The Times They are a Changin’

I heard that Micheal Jackson died today.

It didn’t/doesn’t really strike me on it’s own since he’s always been more of a caricature of someone famous and eccentric in my mind than an actual person.  What did strike me is that it was sudden and out of the blue.  And I heard about it via Twitter several hours before it was on the major news outlets.

Farrah Fawcett died recently too.  And so did Ed Mcmahon.

And I’ve been watching the chaos of what’s been going on in Iran via youtube including the death of Neda, a young woman who was shot and killed on the streets of Tehran while protesting the recent election in Iran.

Today, while trying to avoid thinking of any more death after reading more about Iran, I inadvertently came upon an Iranian indie band named Hypernova.  You can check out several of their songs and videos at their myspace page.

The video below seems to be their major “single” that is being pushed and it’s pretty catchy though there is some language so be forewarned those with sensitive ears.

While watching this video I suddenly flashed to when I first tried watching video on the internet.  It was way back when I was in junior high or so (which I suppose wasn’t THAT long ago relatively speaking but now that I’m 27 it sure seems like a long time ago).  Anyway, the video was choppy and I was lucky to see every 5th frame of a fifteen second clip.  Now I rely on web video entirely (I don’t have cable) and it’s all set up to play on my Xbox 360 in my living room.  I can even watch video on my new phone.  Forget that… I can even RECORD video on my phone and then immediately email it to anyone in my contacts. – I’m finally THAT guy.  I’m now that guy who starts to talk about the past when things were this way or that.

I remember when…

  • 56k modems were considered fast
  • Betamax players were still sold
  • LaserDisc was brand new (as an interesting side note, I’ve been told that UCSB – where I went to college – has one of the largest collections of LaserDisc of any university or college.  Way to pick a winner UCSB!)
  • Going to the movies cost $5.00 and $3.50 for matinee.
  • A gallon of gas cost less than a buck (sometimes much less).
  • All my siblings were either not born yet or were mere toddlers (I’m the oldest by several years).
  • 1 Gb was HUGE
  • I wanted to be an astronaut, or a doctor, or a lion tamer, or a lawyer, or a roller coaster engineer, or a radio disc jockey.
  • I didn’t get paid to design stuff – it was just wasting time back then.
  • The internet, facebook, youtube, hulu, myspace, twitter, and cell phones didn’t exist.
  • I never thought about death or growing old.
  • I would have never made a list like this.

I’d love to read what things other people remember from their childhood that seem random or interesting or funny now.


Amazon MP3 Rocks My Casbah

For those of you out there that like music and who actually pay for it legitimately online, I just can’t recommend enough.  Amazon’s offering is VASTLY superior to Apple’s iTunes it’s ridiculous.  Personally, I like owning something tangible for the most part.  Digital music has always seemed to be “less than” to me.  In fact, most of my music library is from used CDs (and CDs are starting to really tick me off on how easily they scratch).  Apparently, along with being a pack rat I’m also a tight wad.  Right.  With that aside, when I do purchase music online it has always been with a feeling of incomplete ownership.  And this is where my comparison of the two digital music stores comes in.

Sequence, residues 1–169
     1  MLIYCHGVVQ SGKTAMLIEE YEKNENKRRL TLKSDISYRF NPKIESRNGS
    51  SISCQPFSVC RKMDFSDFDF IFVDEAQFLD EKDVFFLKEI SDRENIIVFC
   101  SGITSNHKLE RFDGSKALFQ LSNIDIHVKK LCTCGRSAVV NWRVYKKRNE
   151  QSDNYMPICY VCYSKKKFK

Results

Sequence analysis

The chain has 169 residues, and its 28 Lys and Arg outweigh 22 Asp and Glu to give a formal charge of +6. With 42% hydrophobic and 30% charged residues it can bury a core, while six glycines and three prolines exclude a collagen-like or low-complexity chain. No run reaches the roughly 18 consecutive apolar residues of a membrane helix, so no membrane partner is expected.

I am thankful that iTunes helped to break down the boundary of purchasing something digital online for the average person.  Kudos to you, Apple.  However, iTunes is a flippin’ rip-off at this point as it stands.  Seriously, $.99 for EVERY song.  Every one?  No discounts or special sales?  I just admitted I’m a tight wad.  Work with me here, Apple. (*UPDATE: Apple has, in fact, decided to “work with me” and the day after I originally made this post, Apple announced they would faze out their DRM and introduce a new pricing structure) You make it super simple to purchase music, you say.  Well anyone who sells music online should make that one of their goals.  And yes, Apple, has the one up on this category.  Purchasing music is unbelievably simple once an account has been set-up.  But then you’re not really purchasing the music are you?  You’re temporarily borrowing it.  It’s called DRM.  It supposedly helps prevent piracy but last I checked piracy is rampant.  What it really does is tick off the people who actually do purchase the product legitimately.

Case in point:  I’ve gone through a few computers and/or hard-drives.  Normal wear and tear kind of stuff.  Every time I transfer my music library for iTunes I am asked to approve the “new” device.  Same goes for replaced iPods.  I can put the music on something along the lines of up to 5 devices or computers.  This concept works great if I purchase music like I purchase something from the grocery store.  But what if I want to own my music for 20+ years (like a good record).  Assuming a replaced computer or iPod every… I don’t know… 5 years (X2, one for the computer and one for the mp3 player) then I’m looking at losing full control of my music library in 15 years or less.  And that’s being generous. (My argument still stand against DRM in general, regardless if it’s not necessarily going to continue to be an issue specifically with iTunes.) Continue reading Amazon MP3 Rocks My Casbah